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Path to leadership

Mount's partnership with the Public Leadership Education Network prepares students for careers in public policy

April 9, 2019

Jessica Lopez ’16 is now a Congressional Hispanic Caucus Fellow for 2018-2019 in Washington, D.C.
Jessica Lopez ’16 is now a Congressional Hispanic Caucus Fellow for 2018-2019 in Washington, D.C.
From left: Kia Frazier-Humphrey '19, Ambassador Hassana Alidou of the Republic of Niger to the United States, and Gabriela Ballesteros '19 at a PLEN reception for the Women in Global Policy Seminar in May 2017
From left: Kia Frazier-Humphrey '19, Ambassador Hassana Alidou of the Republic of Niger to the United States, and Gabriela Ballesteros '19 at a PLEN reception for the Women in Global Policy Seminar in May 2017
Mount students at PLEN's Women, Law, and Public Policy Advocacy seminar in November 2009.
Mount students at PLEN's Women, Law, and Public Policy Advocacy seminar in November 2009.

By Sarah Scopio

Her senior year, Jessica Lopez ’16 walked into a Mount Saint Mary’s Ready To Run® networking reception and walked out holding the business card of the woman who would open the doors to L.A. city government for her.

She says she owes it all to the Mount’s partnership with PLEN.

“It changed the course of my career,” Lopez said. It was at a PLEN networking session where she learned the secret to getting a great job — it’s who you know. “Because of that reception, I got an internship with Monica Rodriguez, who was then the vice president of the Department of Public Works for the City of Los Angeles. At every meeting, Monica would introduce me and say, ‘This is my intern Jessica. She’s graduating and looking for a job.’ Within a month, the Bureau of Contract Administration had hired me as a consultant.”

Lopez spent two years working in the City of Los Angeles and is now a Congressional Hispanic Caucus Fellow for 2018-2019 in Washington, D.C.

PLEN is the Public Leadership Education Network, the only organization in the nation dedicated to preparing college women for leadership in the public policy arena. This year, PLEN celebrates its 40th anniversary. Mount Saint Mary’s University is a longtime partner of the organization, and has been has been sending women to seminars in Washington, D.C., for over 30 years.

“PLEN is such a great fit for the Mount because our missions are so similar,” says Rosalyn Kempf, assistant vice president for student affairs and women’s leadership, and a member of PLEN’s board of directors. “Our mission is to prepare women for lives of leadership and service. Every seminar they offer complements a Mount education.”

Each year Women’s Leadership awards scholarships to at least 10 women to attend PLEN seminars on topics including Women, Law and Legal Advocacy; Women in Health Policy; Women in Stem Policy; and Women in Global Policy.  At the seminars, students hear from women inside the industry and attend skill-building sessions on networking and resume writing.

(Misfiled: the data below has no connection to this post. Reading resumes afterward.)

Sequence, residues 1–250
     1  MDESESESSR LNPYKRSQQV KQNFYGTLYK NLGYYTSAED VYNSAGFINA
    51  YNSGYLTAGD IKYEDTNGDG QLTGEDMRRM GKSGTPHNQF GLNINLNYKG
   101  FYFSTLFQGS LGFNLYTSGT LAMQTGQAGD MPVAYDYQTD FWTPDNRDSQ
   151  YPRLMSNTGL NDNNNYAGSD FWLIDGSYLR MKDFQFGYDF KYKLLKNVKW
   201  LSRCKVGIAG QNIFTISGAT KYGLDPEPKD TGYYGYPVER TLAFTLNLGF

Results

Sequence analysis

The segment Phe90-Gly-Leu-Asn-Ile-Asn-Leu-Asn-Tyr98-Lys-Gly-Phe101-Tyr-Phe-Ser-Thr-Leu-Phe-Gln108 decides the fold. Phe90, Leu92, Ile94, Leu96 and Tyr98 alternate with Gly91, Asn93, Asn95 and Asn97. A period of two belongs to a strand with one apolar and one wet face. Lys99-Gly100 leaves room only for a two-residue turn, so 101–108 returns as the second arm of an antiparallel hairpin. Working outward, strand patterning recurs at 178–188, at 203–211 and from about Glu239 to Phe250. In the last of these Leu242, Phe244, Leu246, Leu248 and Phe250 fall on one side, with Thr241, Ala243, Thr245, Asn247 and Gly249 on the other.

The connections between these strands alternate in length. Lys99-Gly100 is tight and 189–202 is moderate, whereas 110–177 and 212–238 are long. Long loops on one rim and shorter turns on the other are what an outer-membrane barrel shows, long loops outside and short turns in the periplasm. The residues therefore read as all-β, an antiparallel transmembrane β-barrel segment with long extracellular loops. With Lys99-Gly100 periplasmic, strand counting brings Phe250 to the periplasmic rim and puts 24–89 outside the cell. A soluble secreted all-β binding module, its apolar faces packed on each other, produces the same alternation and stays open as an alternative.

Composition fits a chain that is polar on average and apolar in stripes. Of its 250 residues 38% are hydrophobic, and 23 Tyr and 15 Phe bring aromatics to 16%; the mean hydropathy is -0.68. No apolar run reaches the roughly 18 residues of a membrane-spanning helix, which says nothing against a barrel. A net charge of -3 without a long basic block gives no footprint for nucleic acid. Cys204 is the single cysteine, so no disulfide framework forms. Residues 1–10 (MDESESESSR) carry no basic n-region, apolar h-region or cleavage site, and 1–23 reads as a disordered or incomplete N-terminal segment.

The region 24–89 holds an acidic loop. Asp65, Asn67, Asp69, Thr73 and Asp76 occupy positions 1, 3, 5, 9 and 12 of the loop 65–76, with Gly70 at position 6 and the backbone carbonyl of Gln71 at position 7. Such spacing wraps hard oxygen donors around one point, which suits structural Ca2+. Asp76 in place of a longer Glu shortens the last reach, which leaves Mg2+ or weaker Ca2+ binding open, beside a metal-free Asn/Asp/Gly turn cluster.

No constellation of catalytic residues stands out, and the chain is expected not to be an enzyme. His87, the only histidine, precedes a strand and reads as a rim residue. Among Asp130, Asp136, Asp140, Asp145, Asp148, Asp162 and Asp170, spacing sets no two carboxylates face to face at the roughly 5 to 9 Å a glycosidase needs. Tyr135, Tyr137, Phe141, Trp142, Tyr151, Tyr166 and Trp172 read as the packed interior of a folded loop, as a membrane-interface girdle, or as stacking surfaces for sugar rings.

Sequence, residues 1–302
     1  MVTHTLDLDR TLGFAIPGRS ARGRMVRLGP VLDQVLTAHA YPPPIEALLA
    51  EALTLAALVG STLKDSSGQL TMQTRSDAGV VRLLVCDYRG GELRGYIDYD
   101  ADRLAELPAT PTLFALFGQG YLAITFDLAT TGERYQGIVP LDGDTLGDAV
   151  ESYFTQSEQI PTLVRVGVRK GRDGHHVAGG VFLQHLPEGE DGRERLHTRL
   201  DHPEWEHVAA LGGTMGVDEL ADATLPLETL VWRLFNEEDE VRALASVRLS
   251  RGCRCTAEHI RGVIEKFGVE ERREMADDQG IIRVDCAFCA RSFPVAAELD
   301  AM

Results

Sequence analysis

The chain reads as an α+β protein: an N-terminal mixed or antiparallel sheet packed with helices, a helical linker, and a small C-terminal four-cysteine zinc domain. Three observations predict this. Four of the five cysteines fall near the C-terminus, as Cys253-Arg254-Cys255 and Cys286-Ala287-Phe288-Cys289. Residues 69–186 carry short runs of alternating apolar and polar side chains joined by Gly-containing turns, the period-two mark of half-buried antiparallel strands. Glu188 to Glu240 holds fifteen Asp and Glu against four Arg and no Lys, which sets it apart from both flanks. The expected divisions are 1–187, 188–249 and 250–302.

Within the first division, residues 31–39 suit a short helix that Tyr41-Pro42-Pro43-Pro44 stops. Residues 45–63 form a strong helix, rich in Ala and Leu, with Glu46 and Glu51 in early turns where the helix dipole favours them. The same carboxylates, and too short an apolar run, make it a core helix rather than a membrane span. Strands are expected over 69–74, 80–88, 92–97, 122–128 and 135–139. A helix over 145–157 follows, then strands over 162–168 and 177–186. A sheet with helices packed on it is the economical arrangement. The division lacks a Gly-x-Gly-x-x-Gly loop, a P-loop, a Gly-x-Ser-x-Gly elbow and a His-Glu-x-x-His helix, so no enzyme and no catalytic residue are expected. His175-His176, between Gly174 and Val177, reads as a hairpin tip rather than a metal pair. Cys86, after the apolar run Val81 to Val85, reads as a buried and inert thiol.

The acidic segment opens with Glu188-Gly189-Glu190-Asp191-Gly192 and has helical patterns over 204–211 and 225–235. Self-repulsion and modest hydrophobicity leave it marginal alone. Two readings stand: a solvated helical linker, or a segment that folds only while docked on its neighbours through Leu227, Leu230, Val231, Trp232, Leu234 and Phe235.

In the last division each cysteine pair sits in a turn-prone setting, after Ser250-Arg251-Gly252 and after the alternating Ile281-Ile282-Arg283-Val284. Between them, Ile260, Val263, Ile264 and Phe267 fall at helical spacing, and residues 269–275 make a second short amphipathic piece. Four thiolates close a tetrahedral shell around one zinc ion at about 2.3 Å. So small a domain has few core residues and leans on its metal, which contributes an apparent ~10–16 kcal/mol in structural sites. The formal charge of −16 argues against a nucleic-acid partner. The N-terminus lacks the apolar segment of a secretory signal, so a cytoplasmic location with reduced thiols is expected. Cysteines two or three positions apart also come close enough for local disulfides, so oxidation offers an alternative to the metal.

“PLEN’s mission is to get more women into all aspects of public policy leadership affecting every part of the policy process,” says Sarah Bruno, PLEN executive director.

Lopez is not the only Mount PLEN alum who now works in public policy at the local and federal level. There’s Alejandra Ceja ’96, the former executive director of the White House Initiative on Educational Excellence for Hispanics under President Obama; Lizbeth Alvarez ’13, a legislative fellow in U.S. Senator Kamala Harris’ office; and Phylizia Carrillo ’17, program manager with the LA County Economic Development Corporation (LAEDC).

“Attending PLEN completely altered my career path,” says Carrillo, who majored in political science and global politics. “I attended the Women in Global Policy seminar as a sophomore interested in foreign service. At PLEN, I realized that a lot of global policy is done on the local level.”

Carrillo returned from the seminar and spent the next two years interning at the LA Mayor’s Office, the LAEDC, the Calif. State Senate and the U.S. House of Representatives.

“The PLEN experts encouraged me to gain experience at every level of policy and decision making,” says Carrillo. “Policy isn’t one person’s idea of progress. It is a network of processes that fail most of the time, and when they do succeed, they are championed by dozens of people gunning for the same thing.”

“Now in my job as a program manager at LAEDC, I oversee programming, partnerships and policies for transportation, aerospace, defense and digital media,” she says. “It is very slow and tedious, but we want policy to be designed so that everyone moves forward.”

Current Mount students can also attest to how life-changing PLEN seminars can be.

“PLEN motivated me to be more than a lawyer by exposing me to different careers in law and public policy,” says Dana Blakney ’20, a political science and business major who attended the Women, Law and Legal Advocacy seminar in October. “I was inspired by our speakers, including Shelby Emmett, director of the Center to Protect Free Speech.” 

“We heard from women on Capital Hill, at the State Department and at the World Bank,” says Gabriela Ballesteros ’19, a global politics and healthcare policy major who attended the Global Policy Seminar in 2017. “It opened up my mind to different ways I can affect policy.”

For all of these women, attending PLEN connects deeply with their values, values cultivated at the Mount.

“At PLEN I thought a lot about our founders, the CSJs, and how they modeled a life of service,” says Ballesteros. “I learned how I can take these values and bring about change for my community. For me, it’s through policy making. As I walked through the halls of the Capital, I knew that one day I would be back.”